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Jewelry Bihwa Gaya’s tomb is excavated for the first time in 1,500 years

Jewelry Bihwa Gaya’s tomb is excavated for the first time in 1,500 years

Posted October. 29, 2020 07:40,   

Updated October. 29, 2020 07:40


The Changnyeong Gyo-dong and Songhyeon-dong tumuli from the Gaya era were heavily robbed after the Japanese colonial period. However, one of the tumuli that remained intact was excavated to reveal a pile of jewelry.

The Gaya National Research Institute of Cultural Heritage of the Cultural Heritage Administration announced on Thursday that a bronze crown, gold earrings, and beaded necklaces have been discovered from the tumulus No. 63 of the Gyo-dong II tumuli in Changnyeong, South Gyeongsang Province. Other than the lack of shoes, it is similar to an ancient Silla tomb in Hwangnam-dong, Gyeongju, North Gyeongsang Province, which was excavated last month, in that jewelry to be worn on various parts of the body were found.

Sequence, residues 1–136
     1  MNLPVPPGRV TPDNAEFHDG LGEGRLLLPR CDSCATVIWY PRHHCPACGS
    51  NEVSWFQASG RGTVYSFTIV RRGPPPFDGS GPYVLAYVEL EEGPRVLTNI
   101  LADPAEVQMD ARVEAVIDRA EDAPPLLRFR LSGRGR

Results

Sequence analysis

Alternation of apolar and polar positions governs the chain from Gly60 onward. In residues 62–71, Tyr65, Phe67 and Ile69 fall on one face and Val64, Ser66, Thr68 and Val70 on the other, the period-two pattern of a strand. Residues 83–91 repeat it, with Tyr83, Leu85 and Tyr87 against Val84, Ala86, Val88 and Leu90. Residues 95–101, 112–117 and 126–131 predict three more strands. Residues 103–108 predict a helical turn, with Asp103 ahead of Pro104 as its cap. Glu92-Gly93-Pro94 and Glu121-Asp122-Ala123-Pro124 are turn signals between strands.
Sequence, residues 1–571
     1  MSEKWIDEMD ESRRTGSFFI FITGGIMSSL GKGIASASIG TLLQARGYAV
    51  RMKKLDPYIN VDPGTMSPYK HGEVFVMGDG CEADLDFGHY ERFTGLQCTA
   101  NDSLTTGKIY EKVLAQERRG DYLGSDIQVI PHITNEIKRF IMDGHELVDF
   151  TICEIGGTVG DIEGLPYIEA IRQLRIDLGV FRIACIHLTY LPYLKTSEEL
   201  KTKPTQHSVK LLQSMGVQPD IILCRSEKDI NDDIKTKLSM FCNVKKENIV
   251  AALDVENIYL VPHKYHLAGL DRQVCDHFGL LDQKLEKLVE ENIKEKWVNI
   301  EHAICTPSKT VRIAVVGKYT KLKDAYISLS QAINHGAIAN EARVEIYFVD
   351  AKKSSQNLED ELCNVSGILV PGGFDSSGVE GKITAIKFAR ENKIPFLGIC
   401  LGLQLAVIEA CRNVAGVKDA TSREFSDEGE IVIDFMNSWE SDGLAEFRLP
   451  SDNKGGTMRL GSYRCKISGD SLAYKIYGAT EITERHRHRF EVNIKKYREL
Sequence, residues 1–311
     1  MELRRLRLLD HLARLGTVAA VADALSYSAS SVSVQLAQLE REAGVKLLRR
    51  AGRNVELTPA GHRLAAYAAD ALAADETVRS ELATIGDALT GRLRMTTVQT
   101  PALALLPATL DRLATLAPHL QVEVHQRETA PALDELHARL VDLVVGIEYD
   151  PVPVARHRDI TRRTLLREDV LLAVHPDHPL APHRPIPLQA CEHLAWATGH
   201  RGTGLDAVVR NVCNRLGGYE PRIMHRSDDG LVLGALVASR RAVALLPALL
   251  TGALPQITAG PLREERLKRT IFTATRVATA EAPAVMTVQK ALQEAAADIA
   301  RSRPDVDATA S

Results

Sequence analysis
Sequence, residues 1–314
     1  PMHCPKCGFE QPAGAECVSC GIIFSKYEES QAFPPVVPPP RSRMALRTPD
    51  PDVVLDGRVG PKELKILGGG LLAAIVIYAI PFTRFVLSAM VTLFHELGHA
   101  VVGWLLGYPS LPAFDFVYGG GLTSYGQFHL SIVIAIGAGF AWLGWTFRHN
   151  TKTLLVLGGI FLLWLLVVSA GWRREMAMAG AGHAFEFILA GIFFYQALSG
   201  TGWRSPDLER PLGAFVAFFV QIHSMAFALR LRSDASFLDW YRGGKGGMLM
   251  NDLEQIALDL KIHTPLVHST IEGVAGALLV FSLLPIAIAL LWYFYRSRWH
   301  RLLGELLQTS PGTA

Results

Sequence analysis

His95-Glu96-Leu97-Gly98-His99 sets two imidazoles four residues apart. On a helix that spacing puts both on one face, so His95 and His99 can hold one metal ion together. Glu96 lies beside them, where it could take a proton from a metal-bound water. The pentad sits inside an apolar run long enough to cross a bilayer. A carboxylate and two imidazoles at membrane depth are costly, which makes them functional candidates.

The tumulus No. 63 of the Gyo-dong II tumuli is estimated to have been created around the mid-fifth century. The tumulus No. 39, which is located two meters north from it, is ruined by tomb robbery with a plastic bag for bread, a rubber washbasin, and a bucket scattered inside. Bihwa Gaya’s tumuli in Changnyeong have a structure that is easy to enter through top-covering rocks, hence exposing them to robbery. So far only the fragments of a bronze crown or some pieces of jewelry were found while broader information about Bihwa Gaya’s relics remained unknown.

The relics discovered recently are extravagant. A 21.5-centimeter-tall bronze crown was found near the head. Tree branch-shaped ornaments are placed in three layers and beads made of jade and gilt bronze are hung below the headband. A piece of fabric that seems to be part of an official hat was also discovered in a coffin.

Another noteworthy feature is that the structure of the tumulus and excavated earthenware follow the typical Gaya style while jewelry is similar to that of Silla. “Perhaps, Bihwa Gaya, which was located east of the Nakdong River, interacted frequently with Silla,” said Yang Sook-ja, the head of the art and science research team. “However, it is likely to be that of Gaya based on the archeological change of tumulus structure to be more conservative.”

Min Kim kimmin@donga.com